Guns Under the Bed: Memories of a Young Revolutionary
In the 1950s, parenting had not become the new age endeavor it is today, and “spare the rod and spoil the child,” was a popular child-rearing philosophy, along with “children should be seen, but not heard.” Most parents weren’t their children’s best friends and that went both ways.
Such was the case in Jody A. Forrester’s family, and to condemn her parents would, in part, be to not understand the era. However, from that family dysfunction was planted “the earliest seeds of a self-destructive sense of shame that would become my [Forrester’s] lifelong shadow companion.”
Forrester emerged as a teenager in the late 1960s when America was in turmoil. The war in Vietnam was as futile as it was unpopular. American youth were rebelling against the morals and lifestyles of their parents.
In college, Forrester found her “rebellious, defiant, and impulsive” personality was a perfect fit for the anti-war movement. When introduced to the more radical Revolutionary Union by her boyfriend, she was “relieved to find what I believed to be straightforward solutions to the complicated challenges of capitalist exploitation.”
But what appealed to Forrester the most was that “I found a family with whom I fit, a family who didn’t care whether my hair was straight or curly, or teased me for laughing too loudly. Nobody commented on my height, nobody looked askance at my teeth or feet. For the first time, I was forging my own way, definitively leaving behind my parents’ expectations and my erratic self-destructive past.”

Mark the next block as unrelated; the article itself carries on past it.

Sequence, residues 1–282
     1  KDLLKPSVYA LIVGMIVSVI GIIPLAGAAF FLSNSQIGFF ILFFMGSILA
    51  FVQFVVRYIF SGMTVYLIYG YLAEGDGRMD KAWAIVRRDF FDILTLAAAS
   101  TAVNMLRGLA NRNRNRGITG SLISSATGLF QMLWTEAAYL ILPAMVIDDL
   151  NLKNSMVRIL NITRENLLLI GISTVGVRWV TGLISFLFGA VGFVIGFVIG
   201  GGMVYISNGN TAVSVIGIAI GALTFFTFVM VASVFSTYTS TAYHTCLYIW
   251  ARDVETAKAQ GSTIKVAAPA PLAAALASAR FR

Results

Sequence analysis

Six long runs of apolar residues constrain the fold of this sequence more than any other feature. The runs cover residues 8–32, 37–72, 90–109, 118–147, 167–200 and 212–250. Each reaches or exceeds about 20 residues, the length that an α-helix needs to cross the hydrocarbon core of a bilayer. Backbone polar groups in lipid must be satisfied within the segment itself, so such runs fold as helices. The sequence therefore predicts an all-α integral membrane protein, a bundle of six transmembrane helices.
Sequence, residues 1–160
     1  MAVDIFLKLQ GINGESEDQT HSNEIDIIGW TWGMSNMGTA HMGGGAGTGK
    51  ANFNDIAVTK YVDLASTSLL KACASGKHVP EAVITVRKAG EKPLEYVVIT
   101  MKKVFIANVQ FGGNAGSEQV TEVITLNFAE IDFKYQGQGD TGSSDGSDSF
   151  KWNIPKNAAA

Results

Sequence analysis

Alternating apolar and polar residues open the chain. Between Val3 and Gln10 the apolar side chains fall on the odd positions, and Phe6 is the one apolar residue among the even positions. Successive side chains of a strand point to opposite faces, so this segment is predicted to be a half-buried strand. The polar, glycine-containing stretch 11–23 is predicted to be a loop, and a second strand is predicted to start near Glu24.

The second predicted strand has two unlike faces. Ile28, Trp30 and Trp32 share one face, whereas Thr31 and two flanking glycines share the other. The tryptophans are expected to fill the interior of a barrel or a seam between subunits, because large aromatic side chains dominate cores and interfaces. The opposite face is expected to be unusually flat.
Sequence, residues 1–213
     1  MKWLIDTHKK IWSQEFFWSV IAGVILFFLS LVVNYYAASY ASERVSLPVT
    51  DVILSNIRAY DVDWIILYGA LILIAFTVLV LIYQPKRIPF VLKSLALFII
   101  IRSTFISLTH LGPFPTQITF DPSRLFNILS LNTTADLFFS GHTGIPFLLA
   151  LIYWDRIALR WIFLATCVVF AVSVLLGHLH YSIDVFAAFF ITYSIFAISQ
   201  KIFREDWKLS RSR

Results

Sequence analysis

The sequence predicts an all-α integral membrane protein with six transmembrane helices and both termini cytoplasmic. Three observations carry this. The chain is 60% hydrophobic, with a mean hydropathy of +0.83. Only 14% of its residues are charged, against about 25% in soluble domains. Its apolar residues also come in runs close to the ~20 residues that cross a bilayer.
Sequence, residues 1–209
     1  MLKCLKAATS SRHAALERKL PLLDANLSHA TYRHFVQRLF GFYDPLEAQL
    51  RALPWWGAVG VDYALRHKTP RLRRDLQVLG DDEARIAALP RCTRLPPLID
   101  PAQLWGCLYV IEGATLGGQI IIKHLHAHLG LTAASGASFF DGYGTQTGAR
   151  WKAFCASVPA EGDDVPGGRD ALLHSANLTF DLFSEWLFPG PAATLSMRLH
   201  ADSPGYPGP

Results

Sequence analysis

For a while, Forrester felt she had found her niche. On campus, she gained a reputation as a persuasive speaker. “For the first time, I was proud of being big and loud, unchecked by the constraints of self-loathing. It felt good to identify the enemy and expose them for the tyrants they were. I had a sense of belonging to something bigger, being on the inside of a community of my own making, on my own terms.”
But gradually, the author became disenchanted with the clandestine meetings, the weapons training with live ammunition, the strict doctrine that prevented friendships outside the Party, and the guns under the bed – the real threat of deadly confrontation with authorities.
Guns Under the Bed: Memories of a Young Revolutionary is informative and entertaining. The story is well structured, the writing is seamless, and Forrester’s voice is authentic. The memoir is filled with pain, honesty, humility, and ultimately hope.
They say if you remember the sixties you weren’t there. Jody Forrester was there, and her recollection is of a vivid, intense, and turbulent time for herself and America.
This page was created by an City Book Review staff member.
|Author||Jody A. Forrester|
|Page Count||214 pages|
|Amazon||Buy this Book|
|Category||Biographies & Memoirs|